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[mass noun] A Scottish dessert made with whipped cream, whisky, oatmeal, honey, and raspberries:‘celebrate Burns' night with a traditional Scottish meal, including haggis, neeps and tatties, and cranachan’
- ‘An average raspberry cranachan and an over-firm pannacotta suggest that desserts are not the kitchen's key priority.’
- ‘Sherry, brandy, and Marsala add flavour and an alcoholic kick to creamy puddings such as trifle, syllabub, cranachan, and zabaglione.’
- ‘It was time to move on to the final stage of this thoroughly enjoyable gastronomic voyage of discovery: an iced cranachan with Drambuie sauce.’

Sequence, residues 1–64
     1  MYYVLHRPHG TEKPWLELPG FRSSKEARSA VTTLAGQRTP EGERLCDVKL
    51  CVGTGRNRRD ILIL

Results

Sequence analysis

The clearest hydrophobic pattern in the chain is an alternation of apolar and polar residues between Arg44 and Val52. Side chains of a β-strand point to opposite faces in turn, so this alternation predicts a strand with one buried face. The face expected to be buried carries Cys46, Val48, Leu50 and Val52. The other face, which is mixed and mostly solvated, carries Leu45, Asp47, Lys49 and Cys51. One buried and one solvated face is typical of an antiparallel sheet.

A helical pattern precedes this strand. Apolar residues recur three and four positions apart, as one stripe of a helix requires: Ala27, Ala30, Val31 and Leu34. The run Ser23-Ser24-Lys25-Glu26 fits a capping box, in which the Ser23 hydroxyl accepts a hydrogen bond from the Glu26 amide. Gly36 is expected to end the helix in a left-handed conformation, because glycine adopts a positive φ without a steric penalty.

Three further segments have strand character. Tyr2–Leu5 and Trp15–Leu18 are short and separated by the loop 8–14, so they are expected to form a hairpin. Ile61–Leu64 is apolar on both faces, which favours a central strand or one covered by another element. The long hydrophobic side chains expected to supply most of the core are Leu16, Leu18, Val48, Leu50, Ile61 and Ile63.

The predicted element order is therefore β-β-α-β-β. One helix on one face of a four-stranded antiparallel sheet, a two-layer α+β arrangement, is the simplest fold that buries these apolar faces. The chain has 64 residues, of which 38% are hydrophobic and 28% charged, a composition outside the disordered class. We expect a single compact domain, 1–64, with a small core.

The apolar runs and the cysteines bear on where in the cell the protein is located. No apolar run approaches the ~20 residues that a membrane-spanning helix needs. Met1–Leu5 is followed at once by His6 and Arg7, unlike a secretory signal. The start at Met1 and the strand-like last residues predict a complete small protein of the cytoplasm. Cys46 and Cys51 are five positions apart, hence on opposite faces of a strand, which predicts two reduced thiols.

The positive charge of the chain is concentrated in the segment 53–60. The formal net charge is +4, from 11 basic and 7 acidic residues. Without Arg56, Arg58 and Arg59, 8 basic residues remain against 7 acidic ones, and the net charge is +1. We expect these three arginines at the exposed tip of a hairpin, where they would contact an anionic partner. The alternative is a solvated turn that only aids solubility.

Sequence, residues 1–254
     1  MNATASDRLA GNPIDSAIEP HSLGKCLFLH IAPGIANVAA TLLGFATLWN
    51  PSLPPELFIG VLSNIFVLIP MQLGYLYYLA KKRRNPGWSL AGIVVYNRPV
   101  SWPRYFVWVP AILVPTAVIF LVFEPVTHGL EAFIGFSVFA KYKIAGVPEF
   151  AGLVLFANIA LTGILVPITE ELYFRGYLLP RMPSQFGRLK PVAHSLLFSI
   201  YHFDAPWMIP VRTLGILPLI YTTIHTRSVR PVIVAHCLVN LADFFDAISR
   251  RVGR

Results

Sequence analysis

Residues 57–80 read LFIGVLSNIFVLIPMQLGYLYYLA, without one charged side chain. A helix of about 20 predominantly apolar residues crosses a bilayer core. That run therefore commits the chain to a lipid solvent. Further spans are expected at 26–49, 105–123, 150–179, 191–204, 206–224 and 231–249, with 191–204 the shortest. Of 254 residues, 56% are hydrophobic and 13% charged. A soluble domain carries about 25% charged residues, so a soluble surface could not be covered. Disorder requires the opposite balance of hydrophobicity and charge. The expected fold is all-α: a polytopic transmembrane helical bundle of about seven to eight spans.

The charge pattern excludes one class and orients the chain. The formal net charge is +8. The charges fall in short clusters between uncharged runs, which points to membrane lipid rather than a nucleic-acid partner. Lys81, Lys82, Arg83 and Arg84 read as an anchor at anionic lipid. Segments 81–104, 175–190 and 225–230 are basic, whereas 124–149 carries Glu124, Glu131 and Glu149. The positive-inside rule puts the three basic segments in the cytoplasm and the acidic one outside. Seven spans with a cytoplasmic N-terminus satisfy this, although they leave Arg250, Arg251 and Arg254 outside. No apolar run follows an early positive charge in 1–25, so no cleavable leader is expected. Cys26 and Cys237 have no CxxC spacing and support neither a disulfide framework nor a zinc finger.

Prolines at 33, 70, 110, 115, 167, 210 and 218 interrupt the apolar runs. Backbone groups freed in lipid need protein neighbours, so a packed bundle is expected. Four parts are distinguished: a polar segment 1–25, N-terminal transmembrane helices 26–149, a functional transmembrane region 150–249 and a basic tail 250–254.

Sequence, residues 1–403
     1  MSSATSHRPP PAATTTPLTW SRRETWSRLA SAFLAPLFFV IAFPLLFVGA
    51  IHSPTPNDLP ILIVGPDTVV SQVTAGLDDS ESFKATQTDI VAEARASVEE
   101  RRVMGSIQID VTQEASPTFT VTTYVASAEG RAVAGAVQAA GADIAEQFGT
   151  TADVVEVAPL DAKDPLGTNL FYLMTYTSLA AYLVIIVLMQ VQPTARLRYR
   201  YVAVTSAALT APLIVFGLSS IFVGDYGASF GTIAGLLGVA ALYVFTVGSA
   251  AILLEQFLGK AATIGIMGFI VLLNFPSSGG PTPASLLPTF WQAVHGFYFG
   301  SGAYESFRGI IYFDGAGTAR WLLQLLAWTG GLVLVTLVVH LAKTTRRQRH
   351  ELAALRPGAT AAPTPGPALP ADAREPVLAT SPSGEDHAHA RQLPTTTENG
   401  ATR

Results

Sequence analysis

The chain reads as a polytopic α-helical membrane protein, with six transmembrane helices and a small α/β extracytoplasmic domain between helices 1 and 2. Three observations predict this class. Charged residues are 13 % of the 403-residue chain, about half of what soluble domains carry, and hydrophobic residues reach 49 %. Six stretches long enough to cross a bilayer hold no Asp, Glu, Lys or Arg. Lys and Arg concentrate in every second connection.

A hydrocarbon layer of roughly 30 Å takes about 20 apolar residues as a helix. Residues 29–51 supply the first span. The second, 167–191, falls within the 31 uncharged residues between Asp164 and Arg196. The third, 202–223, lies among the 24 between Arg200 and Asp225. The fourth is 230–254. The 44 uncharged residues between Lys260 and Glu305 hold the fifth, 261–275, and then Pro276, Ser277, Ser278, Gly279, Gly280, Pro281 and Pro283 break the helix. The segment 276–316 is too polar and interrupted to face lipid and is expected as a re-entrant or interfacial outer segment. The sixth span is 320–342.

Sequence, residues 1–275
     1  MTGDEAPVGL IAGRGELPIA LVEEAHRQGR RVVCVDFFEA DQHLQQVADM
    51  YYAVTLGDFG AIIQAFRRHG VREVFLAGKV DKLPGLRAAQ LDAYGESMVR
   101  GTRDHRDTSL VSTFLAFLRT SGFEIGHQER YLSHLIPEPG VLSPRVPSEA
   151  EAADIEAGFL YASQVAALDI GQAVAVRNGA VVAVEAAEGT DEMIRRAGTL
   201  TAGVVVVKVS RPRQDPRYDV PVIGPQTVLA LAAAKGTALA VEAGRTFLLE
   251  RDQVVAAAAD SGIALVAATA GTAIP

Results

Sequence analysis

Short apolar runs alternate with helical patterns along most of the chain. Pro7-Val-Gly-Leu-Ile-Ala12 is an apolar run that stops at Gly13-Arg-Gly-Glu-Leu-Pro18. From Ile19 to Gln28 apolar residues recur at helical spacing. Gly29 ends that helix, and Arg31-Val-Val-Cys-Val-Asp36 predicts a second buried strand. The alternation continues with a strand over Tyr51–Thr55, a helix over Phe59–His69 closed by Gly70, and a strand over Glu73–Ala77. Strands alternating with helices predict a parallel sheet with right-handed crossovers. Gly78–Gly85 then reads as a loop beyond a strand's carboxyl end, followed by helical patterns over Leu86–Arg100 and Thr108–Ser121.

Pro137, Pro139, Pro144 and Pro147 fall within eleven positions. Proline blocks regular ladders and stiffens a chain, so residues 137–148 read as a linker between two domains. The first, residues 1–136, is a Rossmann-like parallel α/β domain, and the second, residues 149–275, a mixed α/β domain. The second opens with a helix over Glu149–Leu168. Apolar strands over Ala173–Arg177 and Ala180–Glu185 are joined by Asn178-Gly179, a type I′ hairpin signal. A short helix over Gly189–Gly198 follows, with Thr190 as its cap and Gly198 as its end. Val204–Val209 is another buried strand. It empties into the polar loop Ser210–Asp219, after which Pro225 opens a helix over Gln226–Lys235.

- ‘Eat some cranachan and then go for an hour's walk, like our grandparents would have done.’
- ‘Continuing the Scottish theme of the evening, the meal emphasised Scottishness, with haggis, scallops, salmon, black pudding and cranachan.’
- ‘Cranachan is classically made with toasted oatmeal, cream, crowdie, heather honey and berries.’
- ‘The results revealed that our three favourite foods are cranachan with raspberries, Aberdeen Angus beef and smoked salmon.’
- ‘For dessert, cranachan (made from porridge oats, double cream, whisky and honey) or Typsy Laird (sherry trifle) are customary.’
- ‘The cranachan arrives in a rather swish cardboard pot of the type that luxury ice-cream is more normally found in.’
1940s: from Scottish Gaelic crannachan.
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